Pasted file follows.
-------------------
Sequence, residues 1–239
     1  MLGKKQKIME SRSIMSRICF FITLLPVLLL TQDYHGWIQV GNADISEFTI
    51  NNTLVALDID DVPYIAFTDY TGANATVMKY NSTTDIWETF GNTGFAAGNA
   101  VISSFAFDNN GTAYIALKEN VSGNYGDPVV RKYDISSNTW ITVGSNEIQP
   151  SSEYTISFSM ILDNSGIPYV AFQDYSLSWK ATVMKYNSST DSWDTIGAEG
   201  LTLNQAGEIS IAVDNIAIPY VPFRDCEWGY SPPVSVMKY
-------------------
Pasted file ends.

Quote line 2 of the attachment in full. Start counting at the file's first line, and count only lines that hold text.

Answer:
     1  MLGKKQKIME SRSIMSRICF FITLLPVLLL TQDYHGWIQV GNADISEFTI